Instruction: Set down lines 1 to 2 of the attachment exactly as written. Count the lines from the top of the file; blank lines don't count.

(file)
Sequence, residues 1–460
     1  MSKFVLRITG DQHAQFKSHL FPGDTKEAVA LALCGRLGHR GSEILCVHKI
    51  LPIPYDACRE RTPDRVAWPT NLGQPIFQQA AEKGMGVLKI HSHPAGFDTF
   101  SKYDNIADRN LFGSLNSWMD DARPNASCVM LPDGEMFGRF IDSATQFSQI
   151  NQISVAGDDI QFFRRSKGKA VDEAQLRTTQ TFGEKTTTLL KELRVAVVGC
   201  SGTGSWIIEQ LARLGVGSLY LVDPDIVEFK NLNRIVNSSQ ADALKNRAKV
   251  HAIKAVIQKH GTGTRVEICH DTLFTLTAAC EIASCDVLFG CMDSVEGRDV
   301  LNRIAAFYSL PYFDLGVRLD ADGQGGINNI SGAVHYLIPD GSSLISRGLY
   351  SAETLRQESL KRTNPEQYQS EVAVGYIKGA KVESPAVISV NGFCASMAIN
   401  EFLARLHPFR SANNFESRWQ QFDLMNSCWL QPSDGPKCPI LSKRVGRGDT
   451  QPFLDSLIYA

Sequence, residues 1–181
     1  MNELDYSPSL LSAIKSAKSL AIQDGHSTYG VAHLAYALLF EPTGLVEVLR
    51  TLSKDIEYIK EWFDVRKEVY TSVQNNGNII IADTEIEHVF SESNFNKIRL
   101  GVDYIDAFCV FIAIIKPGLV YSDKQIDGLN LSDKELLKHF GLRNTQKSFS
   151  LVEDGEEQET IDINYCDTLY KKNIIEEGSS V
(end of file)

Sequence, residues 1–460
     1  MSKFVLRITG DQHAQFKSHL FPGDTKEAVA LALCGRLGHR GSEILCVHKI